The many combinations of options and restrictions indicate that mathematical programming methods may be useful to determine an optimal mix that will minimize investment. Without such a rigorous approach, operators are reduced to studying only a few realistic scenarios with no guarantee that the absolute minimum- investment mix of options has been reached. We propose that the investment minimization problem be cast in a mathematical programming framework. The framework should be flexible enough to accommodate all known offshore physical cost and design factors.
Although the operations research and management science literature has introduced a large number of successful mathematical programming methods, relatively little attention has been paid to the economically important area of offshore oil and gas development.
In 1969, Devine and Lesso presented a method to find the number, size, and location of platforms to minimize offshore investment. They suggested first specifying the number of platforms, then solving the sizing and location problem using the "alternate-location allocation" algorithm. Because the number of platforms in a field may be limited and small, the problem can be solved several times for different numbers of platforms. A solution from the alternatelocation allocation algorithm depends on the initial allocation of wells to platforms. The procedure must be repeated in a trial-and- error fashion to ensure selection of the minimum cost configuration.
In 1973, Frair and Devine extended this concept to include the time-staging of wells with assumed production schedules. The problem was then designed to maximize net present value (NPV). The authors suggested that nonlinear, mixed-integer programming be used to solve the problem. Because a cost-effective mixed-integer programming package was unavailable at the time for a moderately sized problem, Frair and Devine suggested that the problem be segmented (decomposed) into two main independent subproblems. One subproblem would handle platform location and the allocation of wells. The other subproblem would schedule development drilling. Unfortunately, as a problem of this nature is extended to handle other production facilities in addition to platforms. the decomposition approach will become increasingly unwieldy and subject to suboptimization.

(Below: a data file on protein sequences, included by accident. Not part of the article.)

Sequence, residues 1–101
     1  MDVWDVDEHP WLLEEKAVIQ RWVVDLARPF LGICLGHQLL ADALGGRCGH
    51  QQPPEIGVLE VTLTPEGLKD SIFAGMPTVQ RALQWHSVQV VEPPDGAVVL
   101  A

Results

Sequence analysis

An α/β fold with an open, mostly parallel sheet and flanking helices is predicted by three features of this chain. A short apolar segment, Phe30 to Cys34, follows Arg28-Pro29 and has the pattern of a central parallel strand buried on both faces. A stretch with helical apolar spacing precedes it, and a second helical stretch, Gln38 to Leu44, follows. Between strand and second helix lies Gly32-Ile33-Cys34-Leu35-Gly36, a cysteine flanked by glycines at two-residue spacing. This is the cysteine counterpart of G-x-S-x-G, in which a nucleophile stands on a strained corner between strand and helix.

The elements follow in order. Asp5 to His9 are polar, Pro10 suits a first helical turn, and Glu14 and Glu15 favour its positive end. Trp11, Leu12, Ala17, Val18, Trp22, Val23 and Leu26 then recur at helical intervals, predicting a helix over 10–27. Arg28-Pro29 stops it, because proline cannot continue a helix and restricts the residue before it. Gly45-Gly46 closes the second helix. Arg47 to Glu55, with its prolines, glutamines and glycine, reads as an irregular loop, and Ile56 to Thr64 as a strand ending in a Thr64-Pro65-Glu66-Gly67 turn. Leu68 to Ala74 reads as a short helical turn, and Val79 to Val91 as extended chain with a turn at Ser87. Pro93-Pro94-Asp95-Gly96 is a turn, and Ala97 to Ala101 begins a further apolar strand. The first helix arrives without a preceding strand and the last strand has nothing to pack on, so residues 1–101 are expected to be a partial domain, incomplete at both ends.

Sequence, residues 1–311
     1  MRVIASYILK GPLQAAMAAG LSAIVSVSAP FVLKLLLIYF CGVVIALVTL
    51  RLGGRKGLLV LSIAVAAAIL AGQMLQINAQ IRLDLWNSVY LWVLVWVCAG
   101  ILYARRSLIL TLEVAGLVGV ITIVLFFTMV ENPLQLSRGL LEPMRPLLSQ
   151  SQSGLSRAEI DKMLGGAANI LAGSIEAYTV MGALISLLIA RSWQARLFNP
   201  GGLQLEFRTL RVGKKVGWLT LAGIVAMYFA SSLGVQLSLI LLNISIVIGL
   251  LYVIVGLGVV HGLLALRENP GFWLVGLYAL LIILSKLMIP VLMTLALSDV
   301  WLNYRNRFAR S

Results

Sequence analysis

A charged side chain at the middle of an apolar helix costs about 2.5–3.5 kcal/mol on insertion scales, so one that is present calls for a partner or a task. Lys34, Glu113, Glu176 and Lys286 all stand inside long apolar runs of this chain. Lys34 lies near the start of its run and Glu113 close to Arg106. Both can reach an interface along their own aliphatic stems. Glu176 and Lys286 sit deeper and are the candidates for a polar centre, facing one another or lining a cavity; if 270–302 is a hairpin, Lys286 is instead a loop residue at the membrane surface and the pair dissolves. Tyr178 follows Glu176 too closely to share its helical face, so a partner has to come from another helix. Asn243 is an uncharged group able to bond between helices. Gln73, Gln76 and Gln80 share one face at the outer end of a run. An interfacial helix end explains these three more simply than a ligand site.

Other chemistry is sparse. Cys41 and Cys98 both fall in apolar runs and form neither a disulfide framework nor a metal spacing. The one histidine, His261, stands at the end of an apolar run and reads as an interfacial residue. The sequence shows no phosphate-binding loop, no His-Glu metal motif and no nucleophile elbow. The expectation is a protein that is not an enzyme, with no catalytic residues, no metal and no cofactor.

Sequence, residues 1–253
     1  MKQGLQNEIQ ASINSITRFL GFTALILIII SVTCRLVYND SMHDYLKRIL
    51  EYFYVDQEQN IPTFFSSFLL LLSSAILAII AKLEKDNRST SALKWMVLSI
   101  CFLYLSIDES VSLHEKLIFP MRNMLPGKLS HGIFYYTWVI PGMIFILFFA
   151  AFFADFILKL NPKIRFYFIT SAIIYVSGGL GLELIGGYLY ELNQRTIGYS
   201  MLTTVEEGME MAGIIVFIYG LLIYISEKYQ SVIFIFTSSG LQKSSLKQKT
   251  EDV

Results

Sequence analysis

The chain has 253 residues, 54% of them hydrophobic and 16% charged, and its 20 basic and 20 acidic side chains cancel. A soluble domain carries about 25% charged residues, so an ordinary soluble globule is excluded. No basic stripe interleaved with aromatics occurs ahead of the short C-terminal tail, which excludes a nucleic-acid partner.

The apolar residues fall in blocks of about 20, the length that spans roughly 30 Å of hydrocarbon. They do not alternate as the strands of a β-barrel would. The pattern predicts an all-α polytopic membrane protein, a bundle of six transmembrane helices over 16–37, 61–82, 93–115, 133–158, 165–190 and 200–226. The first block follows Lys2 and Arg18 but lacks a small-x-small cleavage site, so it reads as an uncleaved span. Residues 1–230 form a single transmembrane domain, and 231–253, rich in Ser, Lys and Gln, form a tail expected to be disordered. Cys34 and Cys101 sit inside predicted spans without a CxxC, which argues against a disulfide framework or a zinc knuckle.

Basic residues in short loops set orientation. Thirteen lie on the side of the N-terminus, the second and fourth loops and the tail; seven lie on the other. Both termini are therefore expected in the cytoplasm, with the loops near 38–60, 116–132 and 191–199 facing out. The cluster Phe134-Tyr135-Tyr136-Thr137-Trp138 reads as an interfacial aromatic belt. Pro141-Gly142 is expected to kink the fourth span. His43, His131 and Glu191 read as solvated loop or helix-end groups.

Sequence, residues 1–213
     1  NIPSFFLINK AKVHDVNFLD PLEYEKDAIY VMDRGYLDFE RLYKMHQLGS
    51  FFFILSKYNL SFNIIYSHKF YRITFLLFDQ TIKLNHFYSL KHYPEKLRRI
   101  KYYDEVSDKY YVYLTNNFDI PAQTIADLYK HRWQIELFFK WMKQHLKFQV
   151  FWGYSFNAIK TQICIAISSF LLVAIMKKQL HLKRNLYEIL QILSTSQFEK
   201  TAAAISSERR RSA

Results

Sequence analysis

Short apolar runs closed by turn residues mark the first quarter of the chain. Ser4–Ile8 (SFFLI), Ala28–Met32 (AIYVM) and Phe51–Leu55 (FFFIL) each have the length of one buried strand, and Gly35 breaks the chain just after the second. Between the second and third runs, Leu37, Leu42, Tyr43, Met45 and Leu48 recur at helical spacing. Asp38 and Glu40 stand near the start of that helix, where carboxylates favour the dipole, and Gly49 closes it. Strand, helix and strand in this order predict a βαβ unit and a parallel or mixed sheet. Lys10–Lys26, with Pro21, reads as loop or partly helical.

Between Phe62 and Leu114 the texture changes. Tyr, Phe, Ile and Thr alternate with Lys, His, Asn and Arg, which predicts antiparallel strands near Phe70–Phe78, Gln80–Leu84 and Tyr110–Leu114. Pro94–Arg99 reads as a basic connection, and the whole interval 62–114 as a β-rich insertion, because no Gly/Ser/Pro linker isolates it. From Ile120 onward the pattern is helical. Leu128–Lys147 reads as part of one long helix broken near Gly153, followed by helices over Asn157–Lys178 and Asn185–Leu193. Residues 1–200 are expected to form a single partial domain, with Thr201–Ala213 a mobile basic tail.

Lilien studied a problem involving minimizing drilling costs. The nonlinear optimization procedure that was proposed selected the number of bits and footage drilled between bit changes to minimize the sum of drilling (including tripping) and bit costs. Costa investigated the problems of Lilien and of Devine and Lesso and a dual-completion two-reservoir problem. He suggested and formulated several alternative approaches to these problems, including a dynamic programming approach to the problem of Lilien.
Because development plans may change with time as new wells are drilled, the entire offshore investment minimization problem could be cast in terms of a dynamic programming (nine-staged) problem. Durrer and Slater have stated that this approach eliminates having to know all well locations before the start of development work, as required by Devine, Frair, and Lesso.
However, in actual offshore planning, work must begin on platform and other facilities construction at an early stage because of long construction lead times. Mistakes in estimating reservoir quality and boundaries may (and often do) become apparent later. Decisions are always made on imperfect information. This is a natural part of the risk in oil and gas development.